The SSW D.III was a German single-seat fighter built by the Siemens-Schuckert Werke and served as a home defense interceptor. The D.III was a development of the D.IIc prototype. Around 41 D.IIIs were delivered to the front between April and May 1918, most of them went to Jagdgeschwader II. It was powered by a 160 hp (119 kW) Siemens-Halske Sh.III bi-rotary engine. The pilots were enthusiastic about the new aircraft's handling and rate of climb, however, after only 7 to 10 hours of service the Sh.III engines had serious issues with piston seizure and overheating.
In late May 1918, Jagdgeschwader II replaced its D.IIIs with the older Fokker Dr.I. The remaining D.III aircraft were returned to the Siemens-Schuckert factory. The problem was the Voltol mineral oil that was used because of castor oil shortages, plus, the tight-fitting engine cowling proved inadequate. The engine cowling was originally a full circle, so the bottom half was cut away to provide better airflow and improve cooling. In addition, the prop large spinner was given four louvers, also in an attempt to improve cooling. They were refitted with new Sh.IIIa engines and a larger rudder. A further 30 new production D.IIIs incorporated these modifications. Total production amounted to 80 aircraft. In July 1918 the D.III returned to active service as an interceptor with home defense squadrons. By this time, the D.III had been replaced in production by the Siemens-Schuckert D.IV.
My sample arrived in a sturdy box. The artwork features a red aircraft with side script reading ‘LO!’ belonging to Ltn. Ernest Udet in flight circling above British bombers somewhere over the front lines. Inside I found two sprues of gray plastic, one small acetate film for the windscreen, one color photo-etch fret, one small painting mask, a full-color instruction booklet and decals printed by Cartograf. The plastic features nicely detailed parts, but some may be put off by the heavy wing rib stitching. The parts were easily removed from the sprue and passed basic test fitting with flying colors. The sturdy acetate film has two windscreen outlines printed on it. The photo-etch fret has several items on it including lots of turnbuckles for the rigging and some parts are printed in color. The small painting masks are for a set of wheels, specifically for Udet’s aircraft the other options have decal covers. The instruction booklet is very well printed with easy to understand directions and illustrations. The build steps are well planned including the easy to see rigging drawings. The five option color plates are beautifully rendered with very interesting and colorful options. Lastly, the decals, WOW! Besides the German insignias and personal markings, the 3 sheet set includes complete wing-span lozenge pattern for upper and lower wings and flying control surfaces, also rib tape stripes which are very intimidating.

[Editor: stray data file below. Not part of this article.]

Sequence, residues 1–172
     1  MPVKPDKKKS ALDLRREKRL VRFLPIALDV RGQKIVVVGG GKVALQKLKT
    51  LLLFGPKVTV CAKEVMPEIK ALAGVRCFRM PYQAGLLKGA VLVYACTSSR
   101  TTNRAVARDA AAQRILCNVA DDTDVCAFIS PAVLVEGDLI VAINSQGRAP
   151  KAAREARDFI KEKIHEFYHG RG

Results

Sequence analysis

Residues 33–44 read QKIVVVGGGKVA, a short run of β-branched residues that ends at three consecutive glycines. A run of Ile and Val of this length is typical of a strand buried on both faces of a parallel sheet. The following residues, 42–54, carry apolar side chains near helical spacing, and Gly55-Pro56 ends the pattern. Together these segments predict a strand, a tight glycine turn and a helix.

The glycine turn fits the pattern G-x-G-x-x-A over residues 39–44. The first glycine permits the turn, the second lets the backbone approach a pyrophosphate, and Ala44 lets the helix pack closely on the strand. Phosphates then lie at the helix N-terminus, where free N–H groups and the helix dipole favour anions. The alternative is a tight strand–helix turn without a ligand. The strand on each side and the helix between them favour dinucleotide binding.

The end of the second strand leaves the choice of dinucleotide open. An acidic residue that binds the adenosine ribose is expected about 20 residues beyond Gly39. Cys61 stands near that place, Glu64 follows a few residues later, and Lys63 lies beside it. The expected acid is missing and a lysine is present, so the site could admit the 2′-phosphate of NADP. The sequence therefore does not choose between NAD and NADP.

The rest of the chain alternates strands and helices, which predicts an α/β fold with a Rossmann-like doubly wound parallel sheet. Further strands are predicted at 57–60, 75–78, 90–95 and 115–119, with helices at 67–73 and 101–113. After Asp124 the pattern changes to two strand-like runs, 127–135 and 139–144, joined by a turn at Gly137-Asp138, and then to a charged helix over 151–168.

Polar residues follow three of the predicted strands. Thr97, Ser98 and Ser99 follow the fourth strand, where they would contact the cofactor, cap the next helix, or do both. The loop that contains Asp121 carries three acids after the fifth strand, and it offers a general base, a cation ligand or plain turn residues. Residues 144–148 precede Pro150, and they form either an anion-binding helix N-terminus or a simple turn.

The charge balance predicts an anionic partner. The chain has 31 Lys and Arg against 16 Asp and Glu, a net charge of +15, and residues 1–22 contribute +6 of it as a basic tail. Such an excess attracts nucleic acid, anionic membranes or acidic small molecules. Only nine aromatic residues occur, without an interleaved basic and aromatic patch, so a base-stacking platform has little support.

- SSW D.III, Jasta 4, Ltn. Ernst Udet, Metz, October 3, 1918
- SSW D.III 1618/18, Jasta 85 (Kest 5), Ltn. Heinrich Dembowsky, Schaffenhausen, November 13, 1918
- SSW D.III, Jasta 15, Chery-les-Pouilly, July, 1918
- SSW D.III 1626/18, Kest 4b, Vzfw. Reimann, September, 1918
- SSW D.III 3025/18, Trier, December, 1918 to January 1919
In the course of this build, I incorporated a few other review aftermarket items from Eduards Brassin line. This included the Brassin Engine and machine guns. These items have been posted as independent reviews on the IPMS web site.
I have included photos of both Brassin and kit parts.
Now on to the build. I first began with the cockpit and this involves adding internal ribs and aluminum fuel cells to the fuselage halves along with a few smaller bits. The pilot’s backrest/side railing is a bit tricky to line up and requires test fitting while glue sets. The lower wing incorporates the bottom fuselage. The cockpit floor, rudder pedals, control stick and pilot’s seat are all mounted on it. The seat can be built with a printed photo-etch back and looks great with the photo-etch seatbelts. The upper cowling doubles as the machine gun mount with a large ammo box attached to the bottom side. I then painted all the interior sections. I decided to not install the machine guns until after I combined the four subassemblies that make up the fuselage- two fuselage halves, the lower wing/cockpit section, and the upper cowling. This was a little tricky because a couple of inner support structures are added to the process. The firewall, oil-tank and engine sub-assembly was then built up and added next, followed by the lower ailerons, empennage, tail, elevator, and rudder. It was at this point I painted and decaled the exterior before continuing.
After what seemed to be a lifetime of tedious decaling and a bottle of Walthers Solvaset, I added the machine guns. I then installed the wing struts and upper wing and yes, it was a little tricky, but not impossible. Next the engine cowling, prop and landing gear were added without any problems. I finished up by adding the rigging. I first attached all the turnbuckles and then used e-z line.
The Bottom Line
It’s a five-star kit! I highly recommend it to the experienced modeler. I would like to thank Eduard and IPMS for the opportunity to present this outstanding model kit.
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